The Authors Guild is protesting Amazon's useful new Search Inside the Book service. It complains that publishers have made books available to the service without the authors' consent, and that the service lets users read and print too many free pages. For more details, see David Kirkpatrick, Amazon Worries Authors, New York Times, October 27, 2003, and the Authors Guild Email to Members, October 24, 2003. (PS: The Authors Guild also protests that Amazon makes it too easy to buy used books instead of new; see FOSN for 4/15/02. BTW, my latest book is in the system, I'm delighted, and nobody asked my permission.)
The presentations from the conference, Scholarly Tribes and Tribulations: How Tradition and Technology Are Driving Disciplinary Change (Washington, October 17) are now online. (Thanks to Colin Steele.)
Mark Uehling, Digging Into Digital Quarries, Bio-IT World, October 10, 2003. A very good survey of the prospects for text mining. Excerpt: "As nearly magical as all current and next-generation text-mining capabilities may seem, they are being applied to only a fraction of the most tantalizing text: the abstract. The full, unabridged text of scientific articles is almost always locked away from the clutching paws of software. Generating those abstracts is, by definition, an art. That means that far more unexplained connections could emerge from text-mining the entire mountain of life science data, not just the summit. Fortunately, even that is changing, thanks to new online reservoirs of insight such as the Public Library of Science and BioMed Central, where Matthew Cockerill is doing text mining with new software built into Oracle databases. Says Cockerill: 'The full text articles are locked in prisons in publishers' Web sites. We make our whole corpus of data available. People can download it and work with it whenever they want.'" (Thanks to Jason Bobe.)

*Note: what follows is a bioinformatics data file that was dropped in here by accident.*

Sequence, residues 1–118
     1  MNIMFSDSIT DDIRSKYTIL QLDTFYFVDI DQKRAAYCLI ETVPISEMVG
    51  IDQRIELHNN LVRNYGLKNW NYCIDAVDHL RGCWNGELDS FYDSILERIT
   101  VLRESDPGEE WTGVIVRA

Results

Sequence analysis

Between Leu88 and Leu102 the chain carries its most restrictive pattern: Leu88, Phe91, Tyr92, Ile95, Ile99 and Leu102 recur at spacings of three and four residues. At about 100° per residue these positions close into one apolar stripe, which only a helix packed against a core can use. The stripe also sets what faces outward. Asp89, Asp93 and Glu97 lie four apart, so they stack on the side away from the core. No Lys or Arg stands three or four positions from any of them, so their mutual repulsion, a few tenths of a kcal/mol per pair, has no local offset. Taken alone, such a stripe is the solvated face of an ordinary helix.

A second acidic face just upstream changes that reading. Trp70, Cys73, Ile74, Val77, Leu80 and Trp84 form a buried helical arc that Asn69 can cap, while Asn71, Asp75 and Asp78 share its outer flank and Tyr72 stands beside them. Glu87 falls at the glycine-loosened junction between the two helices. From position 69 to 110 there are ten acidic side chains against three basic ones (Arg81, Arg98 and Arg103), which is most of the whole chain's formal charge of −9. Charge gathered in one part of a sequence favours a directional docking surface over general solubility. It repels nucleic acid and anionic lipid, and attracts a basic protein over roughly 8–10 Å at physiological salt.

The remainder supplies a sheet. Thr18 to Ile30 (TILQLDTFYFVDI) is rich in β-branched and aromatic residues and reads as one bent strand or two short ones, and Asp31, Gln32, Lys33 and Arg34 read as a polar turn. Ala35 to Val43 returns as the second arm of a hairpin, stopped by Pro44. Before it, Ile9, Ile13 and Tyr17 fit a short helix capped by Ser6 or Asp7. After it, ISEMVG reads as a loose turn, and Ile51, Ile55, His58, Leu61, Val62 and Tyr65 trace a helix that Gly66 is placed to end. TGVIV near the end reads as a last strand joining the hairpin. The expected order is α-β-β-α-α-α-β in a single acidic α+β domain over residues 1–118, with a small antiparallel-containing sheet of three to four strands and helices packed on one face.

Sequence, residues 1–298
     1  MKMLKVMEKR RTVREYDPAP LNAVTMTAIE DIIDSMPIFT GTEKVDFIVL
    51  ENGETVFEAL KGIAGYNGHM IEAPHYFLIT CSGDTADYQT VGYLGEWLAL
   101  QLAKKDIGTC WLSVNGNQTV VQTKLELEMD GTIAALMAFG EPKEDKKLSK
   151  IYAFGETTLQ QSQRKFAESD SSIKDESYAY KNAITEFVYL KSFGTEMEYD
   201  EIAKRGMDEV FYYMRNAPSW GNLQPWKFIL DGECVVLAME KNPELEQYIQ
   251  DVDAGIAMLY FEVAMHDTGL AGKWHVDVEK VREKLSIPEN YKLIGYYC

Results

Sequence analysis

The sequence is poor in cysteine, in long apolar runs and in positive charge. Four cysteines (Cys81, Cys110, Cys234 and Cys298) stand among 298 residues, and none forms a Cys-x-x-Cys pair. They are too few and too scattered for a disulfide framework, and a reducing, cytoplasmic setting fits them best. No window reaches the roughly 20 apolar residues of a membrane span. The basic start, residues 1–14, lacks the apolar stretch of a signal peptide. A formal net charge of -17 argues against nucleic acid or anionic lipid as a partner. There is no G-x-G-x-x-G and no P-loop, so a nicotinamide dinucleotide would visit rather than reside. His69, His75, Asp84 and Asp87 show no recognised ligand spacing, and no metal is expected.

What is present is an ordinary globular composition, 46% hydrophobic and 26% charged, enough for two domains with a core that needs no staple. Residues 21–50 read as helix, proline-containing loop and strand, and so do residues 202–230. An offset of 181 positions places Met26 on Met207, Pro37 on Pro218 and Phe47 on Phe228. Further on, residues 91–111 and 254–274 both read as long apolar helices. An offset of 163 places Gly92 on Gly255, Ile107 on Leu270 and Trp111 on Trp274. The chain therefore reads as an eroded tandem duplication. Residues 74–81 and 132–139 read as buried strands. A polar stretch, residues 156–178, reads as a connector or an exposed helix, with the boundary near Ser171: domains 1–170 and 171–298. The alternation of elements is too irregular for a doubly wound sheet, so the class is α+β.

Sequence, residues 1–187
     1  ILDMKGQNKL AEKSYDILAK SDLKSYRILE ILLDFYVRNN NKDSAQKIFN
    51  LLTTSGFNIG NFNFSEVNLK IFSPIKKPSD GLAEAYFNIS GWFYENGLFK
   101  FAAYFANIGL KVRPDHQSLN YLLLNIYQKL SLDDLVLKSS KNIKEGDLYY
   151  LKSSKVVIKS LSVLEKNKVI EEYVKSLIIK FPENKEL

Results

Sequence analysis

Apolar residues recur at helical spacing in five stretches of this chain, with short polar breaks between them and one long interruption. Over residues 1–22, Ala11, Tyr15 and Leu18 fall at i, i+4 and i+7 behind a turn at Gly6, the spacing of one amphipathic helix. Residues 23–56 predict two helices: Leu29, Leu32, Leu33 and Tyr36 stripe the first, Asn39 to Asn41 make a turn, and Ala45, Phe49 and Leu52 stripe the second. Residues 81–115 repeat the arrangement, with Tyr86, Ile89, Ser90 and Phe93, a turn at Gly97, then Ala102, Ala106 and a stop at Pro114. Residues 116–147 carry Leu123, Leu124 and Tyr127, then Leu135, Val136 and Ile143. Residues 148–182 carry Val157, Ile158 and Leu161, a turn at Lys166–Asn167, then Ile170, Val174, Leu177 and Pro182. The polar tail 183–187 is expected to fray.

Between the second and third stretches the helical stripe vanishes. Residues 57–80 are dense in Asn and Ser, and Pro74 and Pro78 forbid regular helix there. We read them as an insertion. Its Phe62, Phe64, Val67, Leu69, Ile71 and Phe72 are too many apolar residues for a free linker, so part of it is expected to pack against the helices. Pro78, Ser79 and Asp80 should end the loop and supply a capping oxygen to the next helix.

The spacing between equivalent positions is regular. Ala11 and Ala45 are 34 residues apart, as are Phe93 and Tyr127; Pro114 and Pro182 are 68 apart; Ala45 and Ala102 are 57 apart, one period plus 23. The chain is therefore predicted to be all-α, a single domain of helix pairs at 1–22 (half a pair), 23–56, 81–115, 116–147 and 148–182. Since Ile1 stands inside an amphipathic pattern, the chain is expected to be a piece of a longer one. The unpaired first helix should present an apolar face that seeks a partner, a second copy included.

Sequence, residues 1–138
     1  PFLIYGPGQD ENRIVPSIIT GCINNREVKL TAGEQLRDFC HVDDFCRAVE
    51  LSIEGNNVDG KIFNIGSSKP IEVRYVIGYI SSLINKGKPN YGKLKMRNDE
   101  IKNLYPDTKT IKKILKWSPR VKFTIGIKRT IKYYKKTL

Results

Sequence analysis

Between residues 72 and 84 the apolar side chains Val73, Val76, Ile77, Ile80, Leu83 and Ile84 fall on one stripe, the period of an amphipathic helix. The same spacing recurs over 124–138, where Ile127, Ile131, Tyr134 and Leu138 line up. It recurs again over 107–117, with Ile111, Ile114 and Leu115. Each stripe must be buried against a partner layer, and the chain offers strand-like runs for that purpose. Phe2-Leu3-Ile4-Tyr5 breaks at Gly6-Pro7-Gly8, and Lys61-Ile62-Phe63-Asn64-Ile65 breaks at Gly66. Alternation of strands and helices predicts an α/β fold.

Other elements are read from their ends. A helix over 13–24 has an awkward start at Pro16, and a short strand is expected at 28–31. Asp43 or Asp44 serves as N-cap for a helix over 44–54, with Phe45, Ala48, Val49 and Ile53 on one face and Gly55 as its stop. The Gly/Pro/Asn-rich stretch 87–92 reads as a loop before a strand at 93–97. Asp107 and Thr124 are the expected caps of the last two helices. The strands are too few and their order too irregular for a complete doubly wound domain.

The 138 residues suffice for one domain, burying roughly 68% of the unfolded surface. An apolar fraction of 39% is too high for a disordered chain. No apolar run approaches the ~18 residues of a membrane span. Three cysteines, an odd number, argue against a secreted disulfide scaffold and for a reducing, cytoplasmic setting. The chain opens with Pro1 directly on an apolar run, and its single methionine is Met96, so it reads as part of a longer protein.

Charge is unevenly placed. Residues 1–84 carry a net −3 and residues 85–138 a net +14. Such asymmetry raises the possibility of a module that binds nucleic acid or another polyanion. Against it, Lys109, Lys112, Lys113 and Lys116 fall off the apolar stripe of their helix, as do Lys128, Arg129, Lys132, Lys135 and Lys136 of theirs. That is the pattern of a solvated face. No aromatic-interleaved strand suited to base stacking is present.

ALPSP has issued a public statement on open access. (It is dated August 27, 2003, but was released today.) Here it is in its entirety.
ALPSP is wholly in favour of maximizing access to research literature; the various proposals for achieving this (e.g. Open Access journals, institutional repositories, self-archiving), however, raise complex economic, logistical and sociological questions which differ from field to field as well as between different sizes and types of publishers. Much more information needs to be gathered through experimentation and analysis; ALPSP therefore welcomes the establishment of journals with different economic models for open access in order that the benefit to scholars and the long-term stability and viability of these models can be assessed.
I applaud this statement. There are stronger endorsements of open access, but ALPSP supports the goal and it supports exploration of the best ways to achieve the goal. The call for more information is reasonable and addresses the concerns of many publishers who see the benefits of open access but who also want to steer their enterprises safely through these half-charted waters. I appreciate the way the statement encourages society publishers to experiment with open access for themselves rather than wait for others to provide the data. ALPSP is now closer to open access than many of its members, and we can hope that this act of leadership will inspire a wave of creative new experiments.
Ulf von Rauchhaupt, Keine Maut für den Geist, Frankfurter Allgemeine Sonntagszeitung, October 19, 2003. A good introduction to open access for the general reader, touching on the PLoS Biology launch, the Wellcome Trust statement, and the prospect of open access rather than commercialization for cultural heritage collections. Also see Klaus Graf's comments on this article, including his discussion of the cultural heritage problem (here and here).
Jill Lambert, Developments in electronic publishing in the biomedical sciences, Program: electronic library & information systems, 37, 1 (2003) pp. 6-15. Only this abstract is free online: "This paper reports on developments in biomedical electronic publishing since the mid-1990s. These cover the HighWire, PubMed Central, BioOne, the Public Library of Science, E-BioSci and BioMed Central services. The issues raised by these developments are outlined and include the need to attract good quality papers, the ownership of copyright, how developments are funded, the question of whether a distributed or centralised system is adopted, and preservation of content."
On September 26, the UK launched an open-access Central Government Web Archive.